Top Ten Physics Questions and Answers
Top Ten Science Questions: Physics
Physics is seen as the most difficult of the sciences; my pupils usually greet a new physics module with a groan and "I can't do physics!" Not the greatest atmosphere for learning...
Physics deals with the laws of the universe and time - it ranges from how subatomic particles interact to form atoms, to how these atoms form some of the largest phenomena in the universe: planets, stars and galaxies. But physics plays a huge role in our everyday lives too: mobile phones, wi-fi, electricity, jet engines, gravity and magnetism all fall into the eclectic realm that is physics.
This hub looks at questions asked of me in a year of teaching physics - the questions have come from young and old alike, so there should be something of interest for you here. Hopefully the information here can overturn the image that physics is 'too hard' and 'boring' and instead reveal some of the wonderful mystery of our universe.
(BTW - the Northern Lights occur when charged particles from solar wind slam into the Earth's magnetic field. This creates the dazzling, dancing display that is snapped above.)
1. Why do Boomerangs Come Back?
Boomerangs work on the same principles of aerodynamics as any other flying object; the key to how a boomerang works is the airfoil.
An airfoil is flat on one side but curved on the other with one edge thicker than the other - this subjects the boomerang to lift, keeping it in the air. The lift is generated because the air flowing up over the curve of the wing has further to travel than the air flowing past the flat side. The air moving over the curve travels faster in order to reach the other side of the wing, creating lift.
A boomerang has two airfoils, each facing in a different direction. This makes the aerodyamic forces acting on a thrown boomerang uneven. The section of the boomerang moving in the same direction as the direction of forward motion moves faster than the section moving in the opposite direction. Just like tank tracks moving at different speeds, this causes the boomerang to turn in the air and return to the thrower.
Fast Fact: Most original boomerangs don't come back, and are not intended to do so! The returning variety are thought to have been made to scare birds into hunters nets.
2. When does the Sky become Space?
The official boundary between the Earth's atmosphere (sky) and space is called the Kármán line. This line lies 100km above sea level and is named after aeronautical scientist Theodore von Kármán.
Aircraft generate lift due to the flow of air over their wings; the air thins with increasing altitude meaning aircraft must move faster to remain airborne. von Kármán calculated that at 100km, it was more efficient for vehicles to orbit the Earth than to fly. Above 100km, aircraft would have to move faster than satellites orbiting the Earth to generate sufficient lift to stay airborne.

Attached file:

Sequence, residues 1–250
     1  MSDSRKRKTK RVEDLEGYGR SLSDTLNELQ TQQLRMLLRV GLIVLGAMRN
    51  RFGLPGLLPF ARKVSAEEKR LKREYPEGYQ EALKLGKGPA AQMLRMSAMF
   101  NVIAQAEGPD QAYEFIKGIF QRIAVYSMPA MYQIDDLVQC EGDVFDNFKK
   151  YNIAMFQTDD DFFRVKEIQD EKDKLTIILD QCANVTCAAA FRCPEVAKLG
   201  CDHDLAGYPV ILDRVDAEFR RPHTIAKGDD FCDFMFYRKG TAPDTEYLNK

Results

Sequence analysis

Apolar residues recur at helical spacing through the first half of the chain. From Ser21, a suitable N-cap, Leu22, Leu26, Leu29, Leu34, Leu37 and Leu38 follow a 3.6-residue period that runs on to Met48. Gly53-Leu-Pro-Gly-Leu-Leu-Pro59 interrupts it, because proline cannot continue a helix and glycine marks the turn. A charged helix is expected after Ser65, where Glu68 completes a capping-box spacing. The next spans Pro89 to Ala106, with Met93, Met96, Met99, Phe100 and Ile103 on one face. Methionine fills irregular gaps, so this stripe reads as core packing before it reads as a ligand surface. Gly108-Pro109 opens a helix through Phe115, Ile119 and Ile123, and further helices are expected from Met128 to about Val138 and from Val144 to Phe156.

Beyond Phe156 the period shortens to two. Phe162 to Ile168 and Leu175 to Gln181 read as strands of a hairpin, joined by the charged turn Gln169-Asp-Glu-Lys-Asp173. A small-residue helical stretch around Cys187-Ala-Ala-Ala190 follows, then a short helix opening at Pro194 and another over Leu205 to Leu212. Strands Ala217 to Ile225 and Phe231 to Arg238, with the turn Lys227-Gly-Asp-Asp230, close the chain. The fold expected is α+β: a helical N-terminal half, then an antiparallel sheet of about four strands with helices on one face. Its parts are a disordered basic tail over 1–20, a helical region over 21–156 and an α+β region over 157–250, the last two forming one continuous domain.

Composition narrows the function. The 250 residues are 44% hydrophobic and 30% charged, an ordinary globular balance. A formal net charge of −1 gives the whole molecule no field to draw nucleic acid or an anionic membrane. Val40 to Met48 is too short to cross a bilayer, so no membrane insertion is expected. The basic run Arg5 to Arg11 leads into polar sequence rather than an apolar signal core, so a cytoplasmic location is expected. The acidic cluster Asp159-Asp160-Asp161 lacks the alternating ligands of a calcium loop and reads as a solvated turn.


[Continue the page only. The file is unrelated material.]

Fast Fact: The highest skydive in history was from 31,300m made by Joseph Kittinger - still well inside our atmosphere.
3. What is Wi-Fi?
The wireless age has dawned, and Wi-Fi is at the heart of it. Wi-Fi is a wireless network which uses radio frequencies instead of cables to transmit data.
A wireless network in not truly wireless as it is built around a source computer connected to the internet via an Ethernet cable. This computer has a router that changes data into a radio signal that can be picked up by an antenna inside your wireless device. To prevent outside interference, the router uses a precise frequency band - just like a walkie-talkie.
When you try to browse the internet using your laptop, an adaptor within the machine communicates with the router via radio signals. The router decodes the signals and fetches the relevant data from the internet through the wired Ethernet connection. This information is converted into radio signals and beamed to the laptop's wireless adaptor. The laptop then decodes this message and (hopefully) shows you the page you googled!
Fast Fact: Wi-Fi does not actually stand for anything. It is a play on the term Hi-Fi. Many people believe Wi-Fi is short for 'Wireless Fidelity' (what does that even mean?)
4. What is Electricity?
Electricity is the flow of any particle with a charge - in the case of our household supply, it is the flow of negatively charged particles called electrons (hence electricity).
In a simple circuit, the electrons are provided by the metal in the wires (usually copper). The battery provides a potential difference (voltage) that provides the 'push' to move electrons towards the positive terminal.
There are two types of electrical current available: Alternating Current and Direct Current. The electical current that comes out of your plug sockets is the former. The National grid provides electricity that reverses direction 50 times per second (50Hz) in the UK. You can actually prove this with a slow motion camera - alternating current explains why lights seem to flicker under slo-mo.
Fast Fact: A current of just 0.1 - 0.2 amps is sufficient to kill a person.
5. What is Radioactivity?
Radioactivity involves the spontaneous decomposition of an unstable atomic nucleus into a more stable form, in one of three decays: alpha, beta, gamma. The nucleus becomes more stable by releasing excess energy either in the form of particles (alpha and beta) or as a wave.
Fast Fact: Lead is the heaviest stable element in the periodic table. All heavier elements decay over time.
6. What is the Sound Barrier?
The sound barrier is broken by any vehicle exceeding the speed of sound: 660mph